UC Board of Regents Supports Creating New Merced Medical School
On Wednesday, University of California's Board of Regents unanimously approved University of California-Merced officials' ongoing plan to establish a medical school, the Merced Sun-Star/Modesto Bee reports.
UC-Merced officials and supporters of the school said a shortage of physicians in the San Joaquin Valley is driving the push for a new medical school. The Valley has 24% fewer primary care physicians and 51% fewer specialists than the rest of the state, according to a UC-Merced report.
University officials said their next steps in developing the school will be establishing an office to focus on planning efforts, developing a curriculum and planning for infrastructure.
Officials expect the first year of planning to cost about $2 million, which will be funded by a donation from the United Health Foundation. Between 2009 and 2011, officials estimate the costs will be about $7 million, of which about $2 million will be provided by the foundation.
Experts from UC-San Francisco, UCSF-Fresno and UC-Davis have participated in the planning efforts. The model for the medical school includes partnerships with regional hospitals and clinics.
UC Merced officials expect the medical school to be operational by 2013, with an initial enrollment of 32 students and a projected future enrollment of 384 students.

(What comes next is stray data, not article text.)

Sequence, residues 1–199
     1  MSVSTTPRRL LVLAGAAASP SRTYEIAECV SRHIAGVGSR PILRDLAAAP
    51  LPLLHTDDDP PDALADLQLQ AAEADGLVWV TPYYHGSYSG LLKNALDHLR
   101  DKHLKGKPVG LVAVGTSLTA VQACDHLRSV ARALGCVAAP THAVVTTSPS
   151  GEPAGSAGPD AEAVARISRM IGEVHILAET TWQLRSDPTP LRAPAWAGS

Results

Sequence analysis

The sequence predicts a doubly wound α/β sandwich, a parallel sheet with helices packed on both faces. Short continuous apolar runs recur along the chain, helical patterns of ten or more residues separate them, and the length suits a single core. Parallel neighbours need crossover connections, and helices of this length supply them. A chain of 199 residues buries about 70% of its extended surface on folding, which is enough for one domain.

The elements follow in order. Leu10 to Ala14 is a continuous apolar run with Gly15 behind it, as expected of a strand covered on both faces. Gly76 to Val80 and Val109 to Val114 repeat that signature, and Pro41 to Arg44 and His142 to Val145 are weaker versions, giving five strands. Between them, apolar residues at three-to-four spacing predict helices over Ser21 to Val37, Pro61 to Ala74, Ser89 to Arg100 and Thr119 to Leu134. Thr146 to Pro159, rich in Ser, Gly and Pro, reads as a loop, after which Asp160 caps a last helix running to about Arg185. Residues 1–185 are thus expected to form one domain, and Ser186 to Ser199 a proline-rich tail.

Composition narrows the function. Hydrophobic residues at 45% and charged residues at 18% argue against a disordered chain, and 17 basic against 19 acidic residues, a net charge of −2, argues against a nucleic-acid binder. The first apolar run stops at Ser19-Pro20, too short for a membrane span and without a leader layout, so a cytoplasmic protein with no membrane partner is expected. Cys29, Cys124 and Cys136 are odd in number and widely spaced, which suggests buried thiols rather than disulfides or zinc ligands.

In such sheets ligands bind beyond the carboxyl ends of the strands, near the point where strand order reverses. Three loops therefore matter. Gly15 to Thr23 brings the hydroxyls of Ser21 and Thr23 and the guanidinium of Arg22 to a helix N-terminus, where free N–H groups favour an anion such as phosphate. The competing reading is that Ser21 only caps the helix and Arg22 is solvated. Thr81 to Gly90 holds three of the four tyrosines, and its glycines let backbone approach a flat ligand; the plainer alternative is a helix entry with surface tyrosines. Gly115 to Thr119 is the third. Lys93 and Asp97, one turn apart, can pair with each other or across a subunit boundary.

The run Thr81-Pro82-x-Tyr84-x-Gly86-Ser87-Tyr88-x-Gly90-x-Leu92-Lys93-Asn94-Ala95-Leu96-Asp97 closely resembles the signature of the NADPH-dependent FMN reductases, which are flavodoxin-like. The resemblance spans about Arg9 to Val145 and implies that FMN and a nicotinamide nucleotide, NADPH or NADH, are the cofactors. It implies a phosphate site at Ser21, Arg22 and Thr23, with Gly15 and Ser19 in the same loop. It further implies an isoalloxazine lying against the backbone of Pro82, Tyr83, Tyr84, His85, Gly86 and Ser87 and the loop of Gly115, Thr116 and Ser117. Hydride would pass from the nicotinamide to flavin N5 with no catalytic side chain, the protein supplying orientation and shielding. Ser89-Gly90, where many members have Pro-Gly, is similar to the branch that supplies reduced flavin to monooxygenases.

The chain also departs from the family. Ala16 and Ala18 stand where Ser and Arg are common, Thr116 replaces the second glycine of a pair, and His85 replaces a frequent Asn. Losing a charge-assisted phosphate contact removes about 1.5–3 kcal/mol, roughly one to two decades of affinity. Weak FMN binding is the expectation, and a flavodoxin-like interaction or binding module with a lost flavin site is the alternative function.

Maria Pallavicini, UC Merced's dean of natural sciences, said university officials are expected to return to the Board of Regents in 12 to 15 months with a final draft proposal for the medical school (Patton, Merced Sun-Star/Modesto Bee, 5/15).
The creation of a medical school at UC-Merced "is a long-range project that will be a huge challenge, but it's clear the mission is undeniably justified," according to an editorial in the Fresno Bee.
"Having a medical school in the Valley would help alleviate that costly and sometimes dangerous situation" of a critical shortage of physicians, the editorial states.
The editorial adds that UCSF's "residency program in Fresno suggests that a significant fraction of those doctors trained here would choose to stay" (Fresno Bee, 5/15).